The unusual décor and imaginative menu stem from chef/owner Chad Edwards, who named the restaurant after his parents’ bearded German wirehaired pointer.


Edwards, who worked in Denver at a catering company, moved to Gaylord after his parents said they wanted to have a restaurant adjoining their eclectic store, the Old Spud Warehouse.

“I dropped what I was doing and moved home,” Edwards said.

In keeping with his parents’ unusual furniture and accessories store, the restaurant is a patchwork of textures and re-used materials. Old doors serve as walls or booths, the bar is made from a nunnery’s old floorboards, and antique (or at least well-used) tables dot the premises.


The Bearded Dogg has no deep fryer, flat top range, freezer or walk-in cooler. Everything Edwards makes is from scratch, including pasta. The fresh approach extends to the food preparation, where the dishes are grilled, baked or sauteed.

Eclecticism spills from the décor to the menu. Starters range from chili Thai tuna, which is blackened sushi-grade tuna served over Thai-style coleslaw, to a braised lentil dip topped with minty yogurt.

Sandwiches include an open-faced corned beef; a chicken Caesar wrap; and the grilled popper burger, with whipped cream cheese, cheddar chunks and jalapenos baked into the burger.

Entrees include duck breast with green onions, mushroom and oven-dried tomatoes served on fettuccine tossed in a creamy wild mushroom demiglace; vineyard chicken served with a marsala sauce and roasted grapes; even a special house-made ravioli stuffed with a blend of seasoned ground sirloin and prime rib, sautéed with light cream, red onion, banana peppers, sundried tomato and basil.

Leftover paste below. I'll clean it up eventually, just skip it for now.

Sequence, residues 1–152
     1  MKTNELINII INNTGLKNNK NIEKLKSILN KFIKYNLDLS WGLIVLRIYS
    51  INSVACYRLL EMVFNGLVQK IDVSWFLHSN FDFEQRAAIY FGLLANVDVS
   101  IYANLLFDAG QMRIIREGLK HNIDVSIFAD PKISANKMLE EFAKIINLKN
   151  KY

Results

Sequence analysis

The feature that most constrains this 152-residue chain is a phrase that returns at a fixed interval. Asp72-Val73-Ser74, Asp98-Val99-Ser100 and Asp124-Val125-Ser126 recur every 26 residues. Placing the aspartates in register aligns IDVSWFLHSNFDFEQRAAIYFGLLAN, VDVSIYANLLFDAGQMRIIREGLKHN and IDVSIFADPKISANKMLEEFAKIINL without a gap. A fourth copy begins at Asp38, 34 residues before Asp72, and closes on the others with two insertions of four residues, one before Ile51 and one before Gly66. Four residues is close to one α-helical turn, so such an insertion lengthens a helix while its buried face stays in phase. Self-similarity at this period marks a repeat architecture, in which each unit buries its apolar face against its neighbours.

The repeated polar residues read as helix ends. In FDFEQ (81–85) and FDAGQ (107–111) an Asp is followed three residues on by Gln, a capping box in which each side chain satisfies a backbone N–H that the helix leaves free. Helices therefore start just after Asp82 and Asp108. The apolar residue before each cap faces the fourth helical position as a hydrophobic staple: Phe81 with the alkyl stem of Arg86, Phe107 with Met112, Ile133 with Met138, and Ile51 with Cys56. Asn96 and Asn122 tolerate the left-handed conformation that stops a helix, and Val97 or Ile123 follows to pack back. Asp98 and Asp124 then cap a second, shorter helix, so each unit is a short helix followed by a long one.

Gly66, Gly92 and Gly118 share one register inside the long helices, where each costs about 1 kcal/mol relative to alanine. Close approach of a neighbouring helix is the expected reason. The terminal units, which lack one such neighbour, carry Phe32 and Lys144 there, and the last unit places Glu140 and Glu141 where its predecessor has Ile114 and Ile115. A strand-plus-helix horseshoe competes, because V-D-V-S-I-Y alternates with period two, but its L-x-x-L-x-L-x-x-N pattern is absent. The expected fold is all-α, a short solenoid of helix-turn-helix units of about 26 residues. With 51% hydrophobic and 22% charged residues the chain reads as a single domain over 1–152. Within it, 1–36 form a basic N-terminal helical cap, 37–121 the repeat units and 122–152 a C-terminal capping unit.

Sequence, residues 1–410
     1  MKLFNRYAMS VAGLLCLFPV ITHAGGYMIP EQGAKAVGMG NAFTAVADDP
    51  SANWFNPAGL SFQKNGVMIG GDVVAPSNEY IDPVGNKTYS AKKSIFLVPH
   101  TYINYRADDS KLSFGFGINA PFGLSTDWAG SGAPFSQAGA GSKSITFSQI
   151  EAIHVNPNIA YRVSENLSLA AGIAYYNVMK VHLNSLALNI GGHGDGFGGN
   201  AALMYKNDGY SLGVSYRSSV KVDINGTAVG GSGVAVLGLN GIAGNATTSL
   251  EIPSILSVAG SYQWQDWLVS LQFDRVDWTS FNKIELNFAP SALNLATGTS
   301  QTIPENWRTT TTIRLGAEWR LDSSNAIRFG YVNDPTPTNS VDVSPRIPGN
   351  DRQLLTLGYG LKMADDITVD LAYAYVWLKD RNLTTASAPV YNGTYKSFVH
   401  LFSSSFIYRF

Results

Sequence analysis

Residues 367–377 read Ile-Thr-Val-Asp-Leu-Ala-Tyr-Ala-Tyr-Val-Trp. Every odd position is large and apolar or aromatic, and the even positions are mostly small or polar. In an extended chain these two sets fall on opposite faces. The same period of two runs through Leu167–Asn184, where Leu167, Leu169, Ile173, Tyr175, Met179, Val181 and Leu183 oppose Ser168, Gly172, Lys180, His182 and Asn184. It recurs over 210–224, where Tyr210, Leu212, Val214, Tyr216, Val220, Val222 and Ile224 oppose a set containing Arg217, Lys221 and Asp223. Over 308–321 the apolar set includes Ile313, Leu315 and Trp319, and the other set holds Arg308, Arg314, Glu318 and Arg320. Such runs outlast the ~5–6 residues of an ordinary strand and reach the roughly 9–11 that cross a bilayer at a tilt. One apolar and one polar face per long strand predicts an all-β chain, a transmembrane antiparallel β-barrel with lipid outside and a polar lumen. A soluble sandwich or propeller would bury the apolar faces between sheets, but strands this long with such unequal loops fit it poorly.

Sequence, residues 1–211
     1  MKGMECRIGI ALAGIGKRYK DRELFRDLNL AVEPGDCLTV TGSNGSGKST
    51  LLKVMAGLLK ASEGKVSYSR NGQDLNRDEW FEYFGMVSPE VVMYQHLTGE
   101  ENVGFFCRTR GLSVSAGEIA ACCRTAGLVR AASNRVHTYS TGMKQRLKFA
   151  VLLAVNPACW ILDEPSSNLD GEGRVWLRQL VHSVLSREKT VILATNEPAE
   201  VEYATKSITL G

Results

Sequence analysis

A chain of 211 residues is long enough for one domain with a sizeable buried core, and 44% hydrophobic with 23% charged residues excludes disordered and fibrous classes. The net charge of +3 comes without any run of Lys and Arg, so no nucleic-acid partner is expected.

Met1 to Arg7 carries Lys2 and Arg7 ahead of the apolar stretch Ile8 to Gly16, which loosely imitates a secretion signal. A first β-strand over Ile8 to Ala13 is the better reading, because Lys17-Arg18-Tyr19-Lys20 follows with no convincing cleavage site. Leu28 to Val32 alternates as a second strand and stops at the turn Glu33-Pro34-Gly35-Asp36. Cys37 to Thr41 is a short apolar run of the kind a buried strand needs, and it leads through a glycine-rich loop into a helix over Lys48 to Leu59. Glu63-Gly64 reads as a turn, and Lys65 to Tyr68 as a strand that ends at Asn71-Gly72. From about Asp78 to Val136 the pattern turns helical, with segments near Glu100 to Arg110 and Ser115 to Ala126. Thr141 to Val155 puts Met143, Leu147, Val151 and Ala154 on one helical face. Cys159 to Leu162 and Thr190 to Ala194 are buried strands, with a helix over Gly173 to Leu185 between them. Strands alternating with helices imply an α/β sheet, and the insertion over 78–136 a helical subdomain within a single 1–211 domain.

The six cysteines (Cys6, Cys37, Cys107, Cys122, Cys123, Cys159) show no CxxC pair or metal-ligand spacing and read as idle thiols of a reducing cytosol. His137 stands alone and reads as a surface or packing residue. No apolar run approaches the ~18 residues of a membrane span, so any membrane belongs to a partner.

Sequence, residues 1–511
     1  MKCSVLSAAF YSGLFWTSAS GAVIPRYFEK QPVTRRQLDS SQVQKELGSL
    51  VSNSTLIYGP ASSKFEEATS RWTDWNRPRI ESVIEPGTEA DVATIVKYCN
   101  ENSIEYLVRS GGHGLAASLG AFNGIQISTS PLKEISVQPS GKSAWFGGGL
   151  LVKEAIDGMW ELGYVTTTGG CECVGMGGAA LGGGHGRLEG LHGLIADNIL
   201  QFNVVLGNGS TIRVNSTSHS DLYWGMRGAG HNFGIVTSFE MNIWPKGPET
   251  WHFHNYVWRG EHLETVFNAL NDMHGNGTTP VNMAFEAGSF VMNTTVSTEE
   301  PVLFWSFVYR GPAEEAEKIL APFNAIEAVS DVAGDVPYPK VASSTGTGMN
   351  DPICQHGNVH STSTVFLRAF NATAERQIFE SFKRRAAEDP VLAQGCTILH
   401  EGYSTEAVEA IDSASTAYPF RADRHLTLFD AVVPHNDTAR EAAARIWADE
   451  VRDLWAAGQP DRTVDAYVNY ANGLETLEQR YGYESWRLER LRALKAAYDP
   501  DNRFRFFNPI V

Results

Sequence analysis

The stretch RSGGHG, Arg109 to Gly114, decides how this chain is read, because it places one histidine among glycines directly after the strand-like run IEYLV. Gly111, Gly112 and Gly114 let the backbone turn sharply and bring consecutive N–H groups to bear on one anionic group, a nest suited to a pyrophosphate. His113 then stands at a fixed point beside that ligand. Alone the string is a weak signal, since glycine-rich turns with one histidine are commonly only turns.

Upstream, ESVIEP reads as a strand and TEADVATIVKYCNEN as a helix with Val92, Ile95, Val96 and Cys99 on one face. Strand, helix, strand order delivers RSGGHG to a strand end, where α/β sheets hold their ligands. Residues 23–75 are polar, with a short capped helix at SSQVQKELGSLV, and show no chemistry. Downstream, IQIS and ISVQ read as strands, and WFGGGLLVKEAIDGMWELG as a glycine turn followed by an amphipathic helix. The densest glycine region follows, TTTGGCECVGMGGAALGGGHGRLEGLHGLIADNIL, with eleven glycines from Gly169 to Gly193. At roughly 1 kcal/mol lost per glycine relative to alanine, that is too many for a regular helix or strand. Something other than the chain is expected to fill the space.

While numerous tastes and ingredients are represented, the menu doesn’t overwhelm diners with too many choices. That’s deliberate, according to Edwards.

“We may only have one of something, but it’s really good,” he said.


General manager Chris Newberry says that the seafood pasta, a house-made fettucine with a mix of scallops and shrimp, topped with thin-sliced Capicola ham, is his favorite.

“The scallops are to die for,” he said. Server Christi Freier said the salmon, glazed with lime-infused clover honey and topped with warm oregano goat cheese, is her choice.

“I like the contrast with the goat cheese and the lime-infused honey,” she said.

One of the more impressive dishes is the imported meat and cheese platter, which includes English Shropshire, Spanish manchego, a small feta cheese torte, Calabrese salami, and several types of olives.


The Bearded Dogg offers some special drink concoctions, including a host of martinis. The namesake Bearded Dogg martini is made with Beefeaters gin, Tuaca and lime juice, and the white chocolate raspberry features Godiva white chocolate.

Another favorite drink is the Summer Wolf, with Bacardi’s Wolfberry and Black Razz rums mixed with pineapple juice, Sprite and grenadine.

“Bacardi requested the recipe,” Edwards said proudly.

The ambiance reflects the lounge style, with a fireplace and couch and low tables as well as dining tables. The mix-and-match (mostly mix) approach makes for an engaging and interesting escape from the humdrum.


Appetizers/starters/plates to share start at $9. Sandwiches start at $9; soups at $5; salads at $7. Entrees start at $18.

The Bearded Dogg is located at 302 S. Otsego in Gaylord. Phone (989) 619-0298.

Open Tues.-Sat. 11am-11pm. The kitchen closes at 9pm Tues.-Thurs. and 10pm Fridays and Saturdays. Visit beardeddogglounge.com or check Facebook for more information.

  • Currently 3.5/5 Stars.